Elayne gasped. “But, why?”

“She is able to find ore,” Min said miserably. “A few days, she says, and I don’t know if a few days is enough for this man to convince himself to sail. Even if it is, how do we take that Shadow-spawned collar off her? How do we get her out of the house?”

“I wish Rand were here.” Elayne sighed, and when they both looked at her, she blushed and quickly added, “Well, he does have a sword. I wish we had somebody with a sword. Ten of them. A hundred.”

“It isn’t swords or brawn we need now,” Nynaeve said, “but brains. Men usually think with the hair on their chests.” She touched her chest absently, as if feeling something through her coat. “Most of them do.”

Min explains that she has no idea how to take the collar off, but that she can get at least one of them into the buildings, if that will help; as a “servant” she is allowed guests as long as they keep to the servants’ quarters. But Nynaeve gets a purposeful look on her face, and tells Min that she has a few ideas of her own.  She asks to be taken to the man, confident that she can convince him, and Min and Elayne both feel a surge of confidence in her determination. Min even does a reading on them, seeing a man’s ring above Nynaeve and a hot iron and axe above Elayne’s, and while she senses danger in the vision, it is a distant one, not related to their current plight.

She takes them down to the docks, making their way through the crowds to an inn that has “been hastily renamed The Three Plum Blossoms, [though] part of the word “Watcher” still show[s] through the slapdash paint work on the sign,” where they find Captain Domon sitting at a table in the half-empty table.

They sit, and Domon orders mulled wine for all of them, since “that Seanchan lord” bought his cargo and he has the coin for it. He is as wary as they are, but when Nynaeve tells him they wish to sail, Domon answers that he would go at once if he could. He had hoped that Turak would let him go after hearing a few tales of Domon’s adventures, but now he suspects that, once his presence stops entertaining the High Lord, he’s just as likely to be executed as to be set free.

Nynaeve asks if Domon’s ship can avoid the Seanchan, and Domon answers that it can, if he can manage not to be destroyed by a damane first. He goes on about the Spray’s draft and the local shoal waters, but Nynaeve is satisfied with the affirmative answer and cuts him off, saying that there will be four of them and that she expects him to be ready to sail the moment they are on board.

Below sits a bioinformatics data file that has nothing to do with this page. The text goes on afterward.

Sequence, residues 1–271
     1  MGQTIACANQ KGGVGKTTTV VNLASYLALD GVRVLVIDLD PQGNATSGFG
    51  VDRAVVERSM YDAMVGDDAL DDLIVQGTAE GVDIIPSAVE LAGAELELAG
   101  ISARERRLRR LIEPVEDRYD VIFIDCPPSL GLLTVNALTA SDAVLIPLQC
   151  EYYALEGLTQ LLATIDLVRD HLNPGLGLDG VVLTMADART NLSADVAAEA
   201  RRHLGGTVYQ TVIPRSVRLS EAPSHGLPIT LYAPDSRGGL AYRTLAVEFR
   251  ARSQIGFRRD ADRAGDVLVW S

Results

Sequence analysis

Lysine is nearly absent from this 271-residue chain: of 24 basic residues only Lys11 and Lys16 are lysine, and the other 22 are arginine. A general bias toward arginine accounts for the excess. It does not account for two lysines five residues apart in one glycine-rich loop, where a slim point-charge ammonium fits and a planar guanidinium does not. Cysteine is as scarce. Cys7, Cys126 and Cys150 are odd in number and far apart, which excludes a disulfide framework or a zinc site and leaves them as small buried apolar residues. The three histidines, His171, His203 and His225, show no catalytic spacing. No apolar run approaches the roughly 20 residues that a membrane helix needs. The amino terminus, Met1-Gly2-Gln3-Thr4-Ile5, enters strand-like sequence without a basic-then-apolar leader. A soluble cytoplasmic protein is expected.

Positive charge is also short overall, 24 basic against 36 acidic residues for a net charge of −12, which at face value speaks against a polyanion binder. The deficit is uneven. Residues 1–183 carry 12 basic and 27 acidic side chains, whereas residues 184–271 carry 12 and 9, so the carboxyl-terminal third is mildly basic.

When Domon hesitates, reminding them about the damane and the difficulty of getting out of the harbor, Nynaeve tells him that he will have something better than a damane. She pulls a leather cord from beneath her dress—briefly giving Min a glimpse of Lan’s ring, the very one she saw when she read Nynaeve earlier—and shows Domon her Aes Sedai serpent ring. She asks him if he knows what it means, and he hastily assures her that he does while urging her to put it away. He asks who the other passengers might be, if Elayne is like Nynaeve, and Nynaeve assures him that he might be surprised by what they can do even before they earn a ring, and promises that he will have three on board who can fight the damane, if need be.

Domon seems encouraged by this, but also worried, not only for his own safety but theirs, and in carefully veiled words tells them that he saw another Aes Sedai and her Warder taken in a Seanchan trap. He saw six damane circle around her and somehow stop her from being able to channel, and she screamed. Elayne, pale, exclaims that they cut her off from the True Source.

Nynaeve answers calmly that they will not allow the same to happen to them.

“Aye, mayhap it will be as you say. But I will remember it until I die. Ryma, help me. That is what she did scream. And one of the damane did fall down crying, and they did put one of those collars on the neck of the… woman, and I… I did run.” He shrugged, and rubbed his nose, and peered into his wine. “I have seen three women taken, and I have no stomach for it. I would leave my aged grandmother standing on the dock to sail from here, but I did have to tell you.”

Min mentions that Egwene said they had two prisoners—Ryma, a Yellow, and another she didn’t know the name of. Nynaeve shoots her a rebuking look for giving Domon the knowledge that there was a second Aes Sedai prisoner. Yet he seems to find determination anyway, and though he asks if they are there to free the two Aes Sedai, he accepts it when Nynaeve tells him that he knows all that he needs to. She tells him he must be ready to sail, and that she will find someone else if he cannot commit to the plan, and Domon agrees.

When they returned to the street, Min was surprised to see Nynaeve sag against the front of the inn as soon as the door closed. “Are you ill, Nynaeve?” she asked anxiously.

Nynaeve drew a long breath and stood up straight, tugging at her coat. “With some people,” she said, “you have to be certain. If you show them one glimmer of doubt, they’ll sweep you off in some direction you don’t want to go. Light, but I was afraid he was going to say no. Come, we have plans yet to make. There are still one or two small problems to work out.”

Min feels like there are a lot more than one or two “small” problems, and hopes that Nynaeve isn’t putting on a show for her the way she did for Domon.

 

Happy New Year, readers! Technically we’ve already had one post in the New Year, but I wrote that one ahead of the break, so this is the first one I am actually writing in 2019. And I am very pleased that this week is mostly about Nynaeve being a badass.

I always enjoy the discussion you all have in the comments section, but last week’s was particularly notable to me. Often the dissections of my analyses have to be whited out, since you all know the endgame, but part twenty-two offered up some interesting, spoiler-free critiques that sent my thinking in some new directions.